A Series I bond is a non-marketable interest-bearing U.S. government savings bond. It’s a low-risk investment that earns a variable inflation rate adjusted every May and November and an interest rate fixed for the bond’s life. The non-marketable feature means you can’t sell or buy it in a secondary market.
Determining the Interest Rate of a Series I Bond
The composite rate, the actual rate on the bond, combines the inflation and fixed rates. The fixed rate doesn’t change during the life of the bond. The inflation rate depends on the consumer price index (CPI).
The U.S. Treasury Department announces the inflation and fixed bond rates every May and November. Although the fixed rate applies to Series I bonds issued during the next six months and doesn’t change during the bond’s life, the inflation rate changes every six months from the bond’s issue date.
Understanding Interest Income and Taxation
Interest on I bonds is compounded semiannually. They earn interest every month from the first day of the month the bond is issued. Instead of paying interest during the bond’s life, the interest adds to its principal value.
Interest income is taxable at the federal level. However, it’s not taxed at local or state levels. As a bondholder, you have two taxation options – the accrual method or the cash method.
The accrual method applies taxes on the assigned interest earned every year. The cash method doesn’t apply a tax unless you redeem the bonds.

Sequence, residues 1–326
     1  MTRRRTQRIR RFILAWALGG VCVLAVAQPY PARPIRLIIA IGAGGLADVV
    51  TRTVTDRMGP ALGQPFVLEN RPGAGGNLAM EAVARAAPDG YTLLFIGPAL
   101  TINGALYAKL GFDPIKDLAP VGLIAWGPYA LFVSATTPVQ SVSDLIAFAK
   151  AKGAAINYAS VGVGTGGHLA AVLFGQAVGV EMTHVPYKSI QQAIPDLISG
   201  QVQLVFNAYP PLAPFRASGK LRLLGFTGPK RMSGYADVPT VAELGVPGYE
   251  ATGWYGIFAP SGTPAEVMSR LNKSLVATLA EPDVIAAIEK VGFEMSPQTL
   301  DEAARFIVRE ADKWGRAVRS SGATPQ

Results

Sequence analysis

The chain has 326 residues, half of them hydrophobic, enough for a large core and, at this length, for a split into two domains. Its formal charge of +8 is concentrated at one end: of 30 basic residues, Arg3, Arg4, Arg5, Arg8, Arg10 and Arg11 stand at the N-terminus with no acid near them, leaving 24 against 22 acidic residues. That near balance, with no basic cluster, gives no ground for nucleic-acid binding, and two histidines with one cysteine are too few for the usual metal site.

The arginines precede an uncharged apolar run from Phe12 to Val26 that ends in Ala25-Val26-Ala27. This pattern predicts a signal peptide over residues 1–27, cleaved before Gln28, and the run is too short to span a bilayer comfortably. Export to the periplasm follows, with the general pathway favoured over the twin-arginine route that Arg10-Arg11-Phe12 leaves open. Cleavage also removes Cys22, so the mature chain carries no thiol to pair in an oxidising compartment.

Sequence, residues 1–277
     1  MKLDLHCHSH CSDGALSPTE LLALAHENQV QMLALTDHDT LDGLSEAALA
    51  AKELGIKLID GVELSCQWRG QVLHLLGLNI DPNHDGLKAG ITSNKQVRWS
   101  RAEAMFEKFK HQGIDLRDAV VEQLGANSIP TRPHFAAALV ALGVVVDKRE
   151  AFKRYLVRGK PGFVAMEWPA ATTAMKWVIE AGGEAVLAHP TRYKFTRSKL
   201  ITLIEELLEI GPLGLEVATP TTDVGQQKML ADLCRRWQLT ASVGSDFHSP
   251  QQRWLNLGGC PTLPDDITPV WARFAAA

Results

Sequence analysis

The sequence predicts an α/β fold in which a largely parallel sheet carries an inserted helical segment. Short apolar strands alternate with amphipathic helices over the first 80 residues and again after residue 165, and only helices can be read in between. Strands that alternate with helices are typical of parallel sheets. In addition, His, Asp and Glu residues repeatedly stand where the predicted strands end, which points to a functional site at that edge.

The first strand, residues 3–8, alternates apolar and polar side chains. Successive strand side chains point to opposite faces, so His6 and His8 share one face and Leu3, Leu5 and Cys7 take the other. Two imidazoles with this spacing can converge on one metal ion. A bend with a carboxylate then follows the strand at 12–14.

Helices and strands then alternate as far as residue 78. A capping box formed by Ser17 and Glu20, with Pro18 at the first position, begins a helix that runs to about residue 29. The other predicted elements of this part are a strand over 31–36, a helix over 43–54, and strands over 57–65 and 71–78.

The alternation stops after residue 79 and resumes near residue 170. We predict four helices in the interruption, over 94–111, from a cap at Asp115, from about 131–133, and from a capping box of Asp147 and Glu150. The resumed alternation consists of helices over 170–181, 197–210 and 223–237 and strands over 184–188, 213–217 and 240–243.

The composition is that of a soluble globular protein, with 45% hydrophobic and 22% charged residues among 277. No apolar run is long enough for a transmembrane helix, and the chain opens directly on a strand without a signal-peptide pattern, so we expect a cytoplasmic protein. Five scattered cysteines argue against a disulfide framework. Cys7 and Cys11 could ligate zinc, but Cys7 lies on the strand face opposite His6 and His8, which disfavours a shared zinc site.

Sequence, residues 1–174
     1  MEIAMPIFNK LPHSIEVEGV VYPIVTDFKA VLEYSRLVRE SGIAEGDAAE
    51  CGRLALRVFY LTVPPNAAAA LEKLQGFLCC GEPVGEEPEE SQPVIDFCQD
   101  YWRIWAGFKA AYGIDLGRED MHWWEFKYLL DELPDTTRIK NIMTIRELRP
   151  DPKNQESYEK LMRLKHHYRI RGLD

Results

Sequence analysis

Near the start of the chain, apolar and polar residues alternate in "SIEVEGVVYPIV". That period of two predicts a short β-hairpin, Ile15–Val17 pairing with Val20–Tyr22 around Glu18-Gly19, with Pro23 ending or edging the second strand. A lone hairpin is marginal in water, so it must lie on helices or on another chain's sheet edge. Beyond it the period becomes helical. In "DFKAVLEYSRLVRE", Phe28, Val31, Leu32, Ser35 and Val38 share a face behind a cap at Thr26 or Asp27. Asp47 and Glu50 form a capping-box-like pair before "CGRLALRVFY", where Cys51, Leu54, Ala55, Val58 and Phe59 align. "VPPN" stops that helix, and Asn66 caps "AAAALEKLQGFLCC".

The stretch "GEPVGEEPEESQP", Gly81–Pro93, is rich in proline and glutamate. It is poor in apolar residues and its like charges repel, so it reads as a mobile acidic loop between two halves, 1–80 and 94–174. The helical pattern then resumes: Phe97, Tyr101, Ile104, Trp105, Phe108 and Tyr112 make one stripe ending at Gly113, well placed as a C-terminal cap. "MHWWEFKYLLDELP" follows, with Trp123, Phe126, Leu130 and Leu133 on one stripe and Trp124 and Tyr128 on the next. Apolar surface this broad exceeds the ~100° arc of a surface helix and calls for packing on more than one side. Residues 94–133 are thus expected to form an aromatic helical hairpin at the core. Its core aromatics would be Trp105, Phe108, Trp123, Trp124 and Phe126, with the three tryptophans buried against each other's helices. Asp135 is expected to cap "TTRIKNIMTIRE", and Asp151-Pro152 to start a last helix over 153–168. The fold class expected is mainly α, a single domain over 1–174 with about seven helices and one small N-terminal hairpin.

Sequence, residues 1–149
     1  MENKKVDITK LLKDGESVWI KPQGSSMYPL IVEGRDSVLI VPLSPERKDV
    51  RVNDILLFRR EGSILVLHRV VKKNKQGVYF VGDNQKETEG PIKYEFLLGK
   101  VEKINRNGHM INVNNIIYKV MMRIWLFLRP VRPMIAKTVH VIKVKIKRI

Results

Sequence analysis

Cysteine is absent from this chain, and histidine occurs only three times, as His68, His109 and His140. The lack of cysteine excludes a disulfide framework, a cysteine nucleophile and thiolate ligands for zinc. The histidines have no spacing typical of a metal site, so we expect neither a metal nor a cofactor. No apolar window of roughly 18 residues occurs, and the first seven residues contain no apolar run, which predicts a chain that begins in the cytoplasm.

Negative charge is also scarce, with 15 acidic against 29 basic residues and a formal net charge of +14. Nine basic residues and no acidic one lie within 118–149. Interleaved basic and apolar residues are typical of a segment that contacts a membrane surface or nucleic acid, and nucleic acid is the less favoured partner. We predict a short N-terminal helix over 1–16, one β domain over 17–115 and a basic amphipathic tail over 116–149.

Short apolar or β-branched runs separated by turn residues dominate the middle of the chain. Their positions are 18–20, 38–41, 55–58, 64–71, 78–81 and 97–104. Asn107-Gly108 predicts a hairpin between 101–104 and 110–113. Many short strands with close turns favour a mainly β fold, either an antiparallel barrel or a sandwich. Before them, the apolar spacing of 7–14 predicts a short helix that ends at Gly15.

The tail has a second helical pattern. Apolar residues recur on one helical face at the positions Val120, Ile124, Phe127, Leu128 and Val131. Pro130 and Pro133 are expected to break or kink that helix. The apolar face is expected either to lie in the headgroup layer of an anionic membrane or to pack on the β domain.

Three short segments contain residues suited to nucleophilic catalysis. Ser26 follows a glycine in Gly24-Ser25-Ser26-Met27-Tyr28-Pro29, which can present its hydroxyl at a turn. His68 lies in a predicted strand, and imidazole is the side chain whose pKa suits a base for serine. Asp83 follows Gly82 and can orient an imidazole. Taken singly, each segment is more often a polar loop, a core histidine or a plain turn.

Incorporating I Bonds into Estate Planning
Many estates must go through probate, a legal process whereby a court validates a will and authorizes the distribution of assets. It can be costly and time-consuming. Beneficiaries can’t assume ownership of probate assets upon their family member’s death. Instead, they must wait for the court to approve the transfer.
If you purchase a savings bond in your name only, it is part of your estate. It must go through probate even if your will specifies who should receive it when you die. You should consider setting up your Series I bond to avoid probate. Your loved ones can access the funds automatically upon your death without waiting for a judge to review your will.
The two most common methods for establishing a non-probate I bond are:
- Co-owner: List another person on the savings bond title as a co-owner. The title will pass directly to the co-owner when you die. They don’t have to go through the probate process to cash out the bond.
- Beneficiary designation: You can designate a beneficiary of the I bond with the U.S. Treasury Department. It will bypass probate and transfer ownership to your beneficiary upon your death.
Learn More About Series I Bonds
A savings bond can be a valuable investment during your lifetime. You should consider how you want to pass it down to your loved ones when you die. If you don’t execute the appropriate legal documents, the asset can get stuck in probate for a time, preventing your family from benefiting from the funds immediately.
Contact us today to discuss how to include a Series I bond in your estate plan. We will provide the guidance you need to protect your assets and your family’s interests. Schedule a consultation today.
This article is a service of Miller & Miller Law Group. We do not just draft documents; we ensure you make informed and empowered decisions about life and death, for yourself and the people you love.
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